6. Gardner (1992) describes a "parental alienation syndrome" in which the child identifies with the vilifying parent and communicates absolute hatred toward the other parent. A false accusation of sexual abuse may develop in this situation.

7. Occasionally, a mother who is obsessed with hatred toward the father may bring the child to the point of having paranoid delusions about the father. A "folie deux" relationship may evolve in which the child acquires the mother's paranoid delusions (Gardner, 1992; Green, 1986; Ferguson, 1988; Kaplan & Kaplan, 1981; Rand, 1989, 1990, 1993).

8. Blush and Ross (1987) propose the SAID syndrome (Sexual Allegations in Divorce) for false allegations that arise in divorcing families.

a. The accusations surface after separation and legal action begins.

b. There is a history of family dysfunction with unresolved divorce conflict and hidden underlying issues.

c. The female(accusing) parent often is a hysterical or borderline personality or is angry, defensive and justifying.

d. The male (the accused) parent is generally passive, nurturing, and lacks "macho" characteristics.

e. The child is typically a female under age eight.

f. The allegations surfaces via the custodial parent.

g. The mother takes the child to an "expert" who confirms the abuse and identifies the father as the perpetrator.

h. The court reacts to the experts information by terminating or limiting visitation.

9. Study on personality characteristics of parents who make false allegations of child sexual abuse (Wakefield & Underwager, 1990).

a. Compared falsely accusing parents, falsely accused parents and custody only parents.

b. The falsely accusing parents were much more likely than the other two groups to have a diagnosis of personality disorder such as histrionic, borderline, passive-aggressive, or paranoid.

c. Wakefield and Underwager (1990) suggest a typology of parents who make or encourage false accusations of sexual abuse in divorce and custody battles:

i.The highly disturbed individual whose personality disorder interferes with functioning, judgment, and sometimes the ability to differentiate between fact and fantasy.

ii. The individual (who may or may not have a personality disorder) who is obsessed with hatred and hostility towards an estranged or former spouse.

iii. The individual who is obsessed over the possibility that the child has been or may be sexually abused.

iv. The individual who reacts fairly appropriately to an ambiguous situation by seeking guidance from a therapist or physician who suggests abuse occurred.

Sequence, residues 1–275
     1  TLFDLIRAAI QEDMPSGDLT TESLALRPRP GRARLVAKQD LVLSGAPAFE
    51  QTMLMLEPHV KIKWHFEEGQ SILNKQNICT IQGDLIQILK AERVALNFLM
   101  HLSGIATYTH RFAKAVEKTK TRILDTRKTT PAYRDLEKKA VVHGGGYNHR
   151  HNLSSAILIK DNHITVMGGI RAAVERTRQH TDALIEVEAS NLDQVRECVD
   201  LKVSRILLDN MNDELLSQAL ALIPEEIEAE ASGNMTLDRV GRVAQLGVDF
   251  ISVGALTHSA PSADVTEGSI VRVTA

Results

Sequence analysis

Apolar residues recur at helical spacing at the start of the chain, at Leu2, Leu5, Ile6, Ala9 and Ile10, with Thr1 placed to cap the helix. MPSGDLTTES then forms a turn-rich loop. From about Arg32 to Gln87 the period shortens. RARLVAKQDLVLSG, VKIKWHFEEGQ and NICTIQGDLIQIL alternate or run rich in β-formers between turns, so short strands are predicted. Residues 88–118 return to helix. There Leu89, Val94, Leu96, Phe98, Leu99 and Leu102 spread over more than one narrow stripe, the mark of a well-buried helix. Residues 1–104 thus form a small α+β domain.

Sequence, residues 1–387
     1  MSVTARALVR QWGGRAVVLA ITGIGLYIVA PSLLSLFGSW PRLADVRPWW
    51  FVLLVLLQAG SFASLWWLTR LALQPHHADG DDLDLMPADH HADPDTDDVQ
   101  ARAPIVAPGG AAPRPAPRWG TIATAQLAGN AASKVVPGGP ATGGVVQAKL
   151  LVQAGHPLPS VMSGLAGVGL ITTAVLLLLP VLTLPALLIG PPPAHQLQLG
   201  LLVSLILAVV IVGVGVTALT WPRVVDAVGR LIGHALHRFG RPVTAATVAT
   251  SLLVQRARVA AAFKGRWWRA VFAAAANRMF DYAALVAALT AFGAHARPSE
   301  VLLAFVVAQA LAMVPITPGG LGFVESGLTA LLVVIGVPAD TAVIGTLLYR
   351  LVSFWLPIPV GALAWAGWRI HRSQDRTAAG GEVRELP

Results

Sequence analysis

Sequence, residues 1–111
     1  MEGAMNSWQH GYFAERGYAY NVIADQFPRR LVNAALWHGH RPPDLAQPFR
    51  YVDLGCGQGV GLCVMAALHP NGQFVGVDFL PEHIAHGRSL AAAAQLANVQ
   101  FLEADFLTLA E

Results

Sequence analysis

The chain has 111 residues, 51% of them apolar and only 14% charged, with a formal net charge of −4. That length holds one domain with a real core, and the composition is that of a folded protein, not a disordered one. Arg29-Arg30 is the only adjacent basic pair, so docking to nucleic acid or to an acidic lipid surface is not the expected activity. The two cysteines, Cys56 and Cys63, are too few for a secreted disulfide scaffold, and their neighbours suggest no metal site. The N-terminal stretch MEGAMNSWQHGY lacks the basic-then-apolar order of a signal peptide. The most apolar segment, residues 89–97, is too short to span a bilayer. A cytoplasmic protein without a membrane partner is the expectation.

10. Ross and Blush (1990) also describe typical personality problems in parents making false allegations in divorce and custody conflicts.

11. But a histrionic or angry parent may have nevertheless discovered genuine sexual abuse.

E. Characteristics of false accusations in divorce and custody litigation.

1. Usually a woman accuses her husband of sexual abuse but women can also occasionally be accused. Sometimes the boyfriend of the mother is accused by the father.

2. The cases generally involve very young children-usually ages 2 to 6.

3. The accusations often surface following some change in the situation, i.e., the father gets remarried or seeks or is awarded custody or increased visitation by the court.

4. Most of the accusations are made as a result of questioning by an adult, usually the mother. The adult doing the questioning has often observed one of the alleged behavioral indicators or has observed redness or irritation in the genitals following a visit with the father. 5. Sometimes the accusations across time develop into extreme, improbable behaviors such as anal and vaginal penetration, objects in the vagina, coprophagia (defecation) and urolagia (urination). There is no corroborating evidence (i.e. medical) for these allegations.

6. When there is an ongoing investigation or litigation of an accusation, a claim that a child was abused again on a visitation must include a demonstration that the accused parent is nonfunctional.

7. If the accusing parent is prematurely convinced that the abuse is real and cannot "hear" any other possibilities, the allegation may be false (Bresee, Stearns, Bess, & Packer, 1986; Faller, 1990, Gardner, 1987; Jones & Seig, 1988).

a. Such a parent may may involve the child in multiple examinations, and demand that the investigation continue, irrespective of the impact the process is having on the child (Bresee, et al.1986; Rand, 1989, 1990; Schaefer & Guyer, 1988). This may be emotional abuse.

b. Sometimes such parents take their children and disappear into an "underground railroad."

F. There are no easy answers; each case must be carefully examined on its own merits since mistakes on either side have very serious consequences for all parties involved.